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To the end of the night 

After 20-some records in more than two decades, the Mekons continue to wander off the path of the formulaic, writing songs filled with bravado, scatology, skewed sexuality and dark beauty, yet never losing their Northern sense of dry bemusement. Their latest album, Journey to the End of the Night, is their most overtly introspective to date. Instantly clued in by the album's cover art, which shows bare trees and blue streetlight haze, you can almost hear the tremulous creak of brittle branches in the dusk. It's an album of mythos, war, catastrophe and city tales. It's also very English, even though founder Jon Langford and singer Sally Timms have lived in Chicago for some years.

Langford comes off as a sort of existential Joe Strummer, a slightly left-of-center raspy-voiced philosophe who'll drink you under the table. Tom Greenaugh remains from the original punk outfit, as does the "baby" of the group, Sally Timms (she joined in 1985). I catch up with Timms in Chicago, "The Ballad of Sally" playing in my mind. Timms has lent her strong, folksy vocals to the group since their golden age in the '80s (The Mekons Rock 'n' Roll is my fave, with Timms belting out the anthemic "Club Mekon"). She's droll, witty and understated--never the belle of the ball but the clever girl who put the fly in the punch.

"Jon and Tom are the more trained intellectuals in the band," Timms explains. Downplaying herself as "only a singer," she continues, "their [university] degrees were all in sort of Marxist art theory, so that's where they're coming from." Spawned from the same late '70s Leeds art/punk scene as the Gang of Four, the Mekons have continuously redefined themselves, incorporating violin, accordion, and even synths and drum machines, in their forays into country, dub, experimentation. What saves them from preciousness is the reckless, dilettantish glee of their delivery. The band's lyrics--ranging from Brit-bleak beat poetry ruminations to naughty vignettes--have cemented it a place in rock's cult enclave and a home on Chicago's Quarterstick/Touch and Go Records.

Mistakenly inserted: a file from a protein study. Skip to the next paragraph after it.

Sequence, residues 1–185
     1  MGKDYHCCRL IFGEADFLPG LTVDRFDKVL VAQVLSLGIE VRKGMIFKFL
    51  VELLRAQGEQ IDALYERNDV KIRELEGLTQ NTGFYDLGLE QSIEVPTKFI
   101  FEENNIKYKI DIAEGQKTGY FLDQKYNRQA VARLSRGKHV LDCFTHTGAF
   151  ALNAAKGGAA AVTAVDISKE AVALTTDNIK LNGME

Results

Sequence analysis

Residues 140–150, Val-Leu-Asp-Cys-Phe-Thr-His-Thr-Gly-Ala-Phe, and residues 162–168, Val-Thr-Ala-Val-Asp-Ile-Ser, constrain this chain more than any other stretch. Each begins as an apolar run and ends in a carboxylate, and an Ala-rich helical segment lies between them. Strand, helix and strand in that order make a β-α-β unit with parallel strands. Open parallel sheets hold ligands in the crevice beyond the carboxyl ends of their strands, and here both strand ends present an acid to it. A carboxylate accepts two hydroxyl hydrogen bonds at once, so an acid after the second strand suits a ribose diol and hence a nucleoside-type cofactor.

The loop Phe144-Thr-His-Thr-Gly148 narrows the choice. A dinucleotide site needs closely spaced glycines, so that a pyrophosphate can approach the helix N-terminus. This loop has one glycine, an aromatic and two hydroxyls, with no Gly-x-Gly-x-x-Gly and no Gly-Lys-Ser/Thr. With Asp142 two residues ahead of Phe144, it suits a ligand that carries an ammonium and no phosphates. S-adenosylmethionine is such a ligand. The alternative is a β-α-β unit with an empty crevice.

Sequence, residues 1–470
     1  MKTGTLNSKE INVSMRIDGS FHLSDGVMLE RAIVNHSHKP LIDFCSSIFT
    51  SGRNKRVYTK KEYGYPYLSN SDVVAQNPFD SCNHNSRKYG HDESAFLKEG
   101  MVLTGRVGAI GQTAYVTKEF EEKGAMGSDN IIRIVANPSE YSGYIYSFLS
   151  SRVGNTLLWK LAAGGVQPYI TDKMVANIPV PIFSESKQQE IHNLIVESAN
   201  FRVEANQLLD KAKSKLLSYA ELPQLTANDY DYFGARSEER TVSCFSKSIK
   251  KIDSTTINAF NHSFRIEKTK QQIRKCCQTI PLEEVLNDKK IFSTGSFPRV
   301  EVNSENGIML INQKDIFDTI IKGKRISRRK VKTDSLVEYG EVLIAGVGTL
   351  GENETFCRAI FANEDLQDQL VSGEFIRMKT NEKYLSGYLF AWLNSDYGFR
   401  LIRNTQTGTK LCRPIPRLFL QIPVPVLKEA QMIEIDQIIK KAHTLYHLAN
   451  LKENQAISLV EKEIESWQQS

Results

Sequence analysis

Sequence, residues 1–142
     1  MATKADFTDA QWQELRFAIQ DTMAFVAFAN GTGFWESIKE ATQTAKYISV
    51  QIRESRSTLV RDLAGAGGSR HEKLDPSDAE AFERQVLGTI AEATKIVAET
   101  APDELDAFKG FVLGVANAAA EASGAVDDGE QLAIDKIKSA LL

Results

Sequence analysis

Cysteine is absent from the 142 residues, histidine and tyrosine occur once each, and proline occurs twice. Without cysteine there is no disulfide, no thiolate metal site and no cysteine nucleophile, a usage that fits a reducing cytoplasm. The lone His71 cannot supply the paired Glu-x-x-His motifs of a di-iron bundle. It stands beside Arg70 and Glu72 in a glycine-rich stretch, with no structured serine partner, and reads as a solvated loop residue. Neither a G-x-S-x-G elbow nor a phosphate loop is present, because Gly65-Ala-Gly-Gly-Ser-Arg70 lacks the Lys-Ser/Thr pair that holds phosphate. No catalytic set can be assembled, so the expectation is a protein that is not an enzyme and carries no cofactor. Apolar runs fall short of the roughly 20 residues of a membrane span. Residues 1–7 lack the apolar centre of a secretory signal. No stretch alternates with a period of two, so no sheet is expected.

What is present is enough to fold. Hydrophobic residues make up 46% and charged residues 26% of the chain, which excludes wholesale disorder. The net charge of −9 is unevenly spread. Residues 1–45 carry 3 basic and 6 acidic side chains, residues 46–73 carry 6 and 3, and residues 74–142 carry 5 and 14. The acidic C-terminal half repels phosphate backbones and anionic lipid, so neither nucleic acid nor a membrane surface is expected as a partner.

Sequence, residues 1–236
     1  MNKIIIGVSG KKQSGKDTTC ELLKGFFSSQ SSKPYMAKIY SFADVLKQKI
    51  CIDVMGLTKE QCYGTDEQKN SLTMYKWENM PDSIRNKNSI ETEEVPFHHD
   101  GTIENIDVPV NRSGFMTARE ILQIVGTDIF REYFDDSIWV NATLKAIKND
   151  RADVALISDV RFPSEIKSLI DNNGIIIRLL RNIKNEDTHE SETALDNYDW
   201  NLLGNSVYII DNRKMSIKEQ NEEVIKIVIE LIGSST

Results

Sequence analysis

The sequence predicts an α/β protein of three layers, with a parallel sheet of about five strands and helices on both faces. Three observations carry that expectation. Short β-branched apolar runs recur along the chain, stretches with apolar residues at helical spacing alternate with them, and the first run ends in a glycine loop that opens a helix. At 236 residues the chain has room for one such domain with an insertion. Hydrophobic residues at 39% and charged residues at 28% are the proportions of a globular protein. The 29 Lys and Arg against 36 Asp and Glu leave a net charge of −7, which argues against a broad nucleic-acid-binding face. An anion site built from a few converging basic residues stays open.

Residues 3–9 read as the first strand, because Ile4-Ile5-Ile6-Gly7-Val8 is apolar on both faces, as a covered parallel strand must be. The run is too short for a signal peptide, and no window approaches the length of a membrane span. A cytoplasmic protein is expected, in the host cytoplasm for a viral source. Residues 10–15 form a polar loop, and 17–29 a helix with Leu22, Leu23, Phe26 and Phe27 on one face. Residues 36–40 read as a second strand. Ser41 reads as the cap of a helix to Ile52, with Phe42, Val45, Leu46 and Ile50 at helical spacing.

After 12 different labels and the occasional "shitty" contract over the years, the band is happy to operate on a handshake deal with Quarterstick. "They're philanthropists for musicians to put up with us," Timms says and laughs. Much has been made of the Mekons being screwed over by the music biz--records that won't see the light of day, money-free contracts--a tiresome question Timms nips in the bud by saying it's just the nature of the industry. "We've really been dicked over no more than any other band," she says. "You learn that it's better to own what you do and be able to control it." At this point the band has complete creative and contractual freedom: They make the sort of records they want and they can leave at any time. "It's more adult that way," adds Timms.

She puts forth a theory from fellow Chicagoan and producer Steve Albini (Shellac) that every band has its own natural audience. "I read an interesting interview he gave and he was dead on, really," Timms says. "Generally there's a natural audience for a band and that number is pretty fixed. Also, there's a natural location for that audience"--usually large metro areas and hip college towns. According to this theory, it makes no sense for a cult band like the Mekons to do long, slogging American tours. Continuing the theory, bands should preach to the converted rather than try to proselytize to the yahoos in Backwater, USA (an ultimately demoralizing gig). "It would be nice to sell 10,000 more records--it doesn't seem that hard--but obviously it's not going to happen," Timms says of their cult status. (Yes, they have jobs.)